The art of effective goal-setting
Goal setting… It already sounds hard and serious. But it’s true that if you don’t know where you’re going, you’ll probably end up somewhere else!
If done with the right intention, setting and accomplishing goals makes people feel happier and more fulfilled. Achieving goals releases dopamine in your brain, which gives you a feeling of pleasure as well as a desire to take on more challenges. And both of those things give you more confidence.
The key is the intention and feeling around the goals – and the whole process of setting them. Let me explain.
Most of us are so busy racing around from one task to the next, keeping all the balls in the air, that we don’t have the time or the mental space to pause and wonder what we really want. Often it’s a matter of being too busy, but it can also be fear that stops us. Because if we actually admit to ourselves what we want, we run the risk that we might not get it. Something is at stake. And for most of us it can feel easier – safer – to just “go with the flow”, or do what others want us to do.
Except on New Years Eve! We get out our notebooks and faithfully write down our list of resolutions (which are usually the same as the previous year, and the year before that). Go to the gym, lose 20 pounds, get a raise… Then, statistics show, after a brief burst of enthusiasm, we’ve abandoned them by February. So what goes wrong?
For a goal to be effective, it needs to be:
Authentic… It comes from your deepest self, not to please or impress others, or “do it right”
Inspiring… It stirs something inside of you. You feel in your body that this is something important to you.
Clear… It is defined. It helps you to sort your priorities and know what actions to take.
Realistic… It’s achievable, though it’s a stretch.
Aligned… With your core values and your bigger picture vision.
And here’s the gold nugget… How will you feel when you achieve that goal?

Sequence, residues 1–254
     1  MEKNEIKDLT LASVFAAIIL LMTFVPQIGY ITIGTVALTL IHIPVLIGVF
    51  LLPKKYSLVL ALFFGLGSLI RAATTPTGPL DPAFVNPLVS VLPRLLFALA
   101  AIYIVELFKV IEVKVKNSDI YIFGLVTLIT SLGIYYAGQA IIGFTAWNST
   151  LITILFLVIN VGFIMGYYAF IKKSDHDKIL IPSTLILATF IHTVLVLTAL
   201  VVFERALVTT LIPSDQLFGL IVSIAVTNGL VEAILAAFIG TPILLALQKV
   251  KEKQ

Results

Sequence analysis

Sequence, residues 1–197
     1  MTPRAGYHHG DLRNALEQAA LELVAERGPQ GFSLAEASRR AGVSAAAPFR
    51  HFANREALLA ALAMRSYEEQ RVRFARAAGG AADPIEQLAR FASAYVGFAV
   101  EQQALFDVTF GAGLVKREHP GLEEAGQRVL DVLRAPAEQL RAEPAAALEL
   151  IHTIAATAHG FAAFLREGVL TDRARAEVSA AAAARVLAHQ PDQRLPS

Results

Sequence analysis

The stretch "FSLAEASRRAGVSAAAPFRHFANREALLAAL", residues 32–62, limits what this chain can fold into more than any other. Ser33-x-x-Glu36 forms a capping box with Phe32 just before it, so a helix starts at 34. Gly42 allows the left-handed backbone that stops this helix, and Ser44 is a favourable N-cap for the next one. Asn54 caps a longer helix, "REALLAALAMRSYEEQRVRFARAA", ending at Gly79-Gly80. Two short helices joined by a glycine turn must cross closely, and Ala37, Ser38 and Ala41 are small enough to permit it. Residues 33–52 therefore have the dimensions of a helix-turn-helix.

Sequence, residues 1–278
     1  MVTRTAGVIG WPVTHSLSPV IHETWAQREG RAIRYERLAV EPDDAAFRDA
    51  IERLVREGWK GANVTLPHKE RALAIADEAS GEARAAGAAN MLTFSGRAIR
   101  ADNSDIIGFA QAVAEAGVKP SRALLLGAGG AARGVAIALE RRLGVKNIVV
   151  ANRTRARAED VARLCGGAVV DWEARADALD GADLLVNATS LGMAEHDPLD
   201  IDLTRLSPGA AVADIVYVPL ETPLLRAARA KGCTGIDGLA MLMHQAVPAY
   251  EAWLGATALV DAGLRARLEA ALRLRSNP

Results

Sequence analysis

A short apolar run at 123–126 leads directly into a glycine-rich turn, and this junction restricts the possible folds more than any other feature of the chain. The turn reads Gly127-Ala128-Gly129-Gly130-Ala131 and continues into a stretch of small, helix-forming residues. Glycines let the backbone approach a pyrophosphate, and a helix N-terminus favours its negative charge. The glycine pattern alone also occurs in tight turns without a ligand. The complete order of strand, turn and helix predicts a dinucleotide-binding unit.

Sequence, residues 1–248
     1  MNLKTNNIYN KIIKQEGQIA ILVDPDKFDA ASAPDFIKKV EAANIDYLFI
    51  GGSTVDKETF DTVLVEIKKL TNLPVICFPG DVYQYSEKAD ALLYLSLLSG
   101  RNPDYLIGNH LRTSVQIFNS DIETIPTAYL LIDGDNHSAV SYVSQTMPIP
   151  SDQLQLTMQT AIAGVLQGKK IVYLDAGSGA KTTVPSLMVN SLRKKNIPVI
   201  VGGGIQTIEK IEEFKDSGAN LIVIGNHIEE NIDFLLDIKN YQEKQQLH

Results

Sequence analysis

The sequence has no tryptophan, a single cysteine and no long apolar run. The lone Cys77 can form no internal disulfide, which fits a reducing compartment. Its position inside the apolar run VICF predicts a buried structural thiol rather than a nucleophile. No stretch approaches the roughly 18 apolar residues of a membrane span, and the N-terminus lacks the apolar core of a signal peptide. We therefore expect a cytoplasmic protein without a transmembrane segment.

This is the real, deep, big why beneath it all. For example, you might set the following goal:
“I’m making $120,000/year by December 31”
That fits some of the criteria for a “good” goal. It’s specific ($120,000), it’s measurable, it’s timebound (by Dec 31), it may or may not be realistic (depending on where you are now), and it’s actionable. However, here’s how to make it really potent:
Why do you want this? What’s important to you about achieving it? What will having that give you? And how will you feel?
Answer: Because I’ll be able to take my kids on a vacation, pay off my debt and feel a sense of peace and financial freedom (for example).
That’s the real why. And if we go through the process of visualizing and feeling the effect of achieving that goal – seeing, feeling, tasting, smelling it – we are more statistically proven to achieve it.
Now, take a look at some of your goals for your business or life? Are they defined, aligned, inspiring, authentic, and realistic? If not, what would make them more so?
Here are some more tips to help you make and achieve your goals:
1. Make sure your goal is SMART
S Specific (Clearly defined)
M Measurable (How will you know you’ve achieved it?)
A Action oriented
R Realistic (But a stretch is good too)
T Time Bound (By when will you accomplish it?)
2. Check in regularly with the vision and feeling you will have when you reach the goal.
Make a vision board, or stick up a picture of something that evokes that feeling every day.
3. Break it down into major goals and measurable steps to get there
4. Create an accountability structure (a friend/coach/women’s circle). This is the key to keeping us on track.
5. Review and revise your goals as necessary.
If you’re not making progress, is this goal really important to you?
6. Be compassionate with yourself and learn from your mistakes.
If you fall off (as we humans often do), forgive yourself, recommit, and continue…
7. And don’t forget to celebrate your successes along the way!
So, are you ready to make a real change? Start with the feeling you want and work backwards…
In the words of Martin Luther King:
“You don’t have to see the whole staircase, just take the first step.”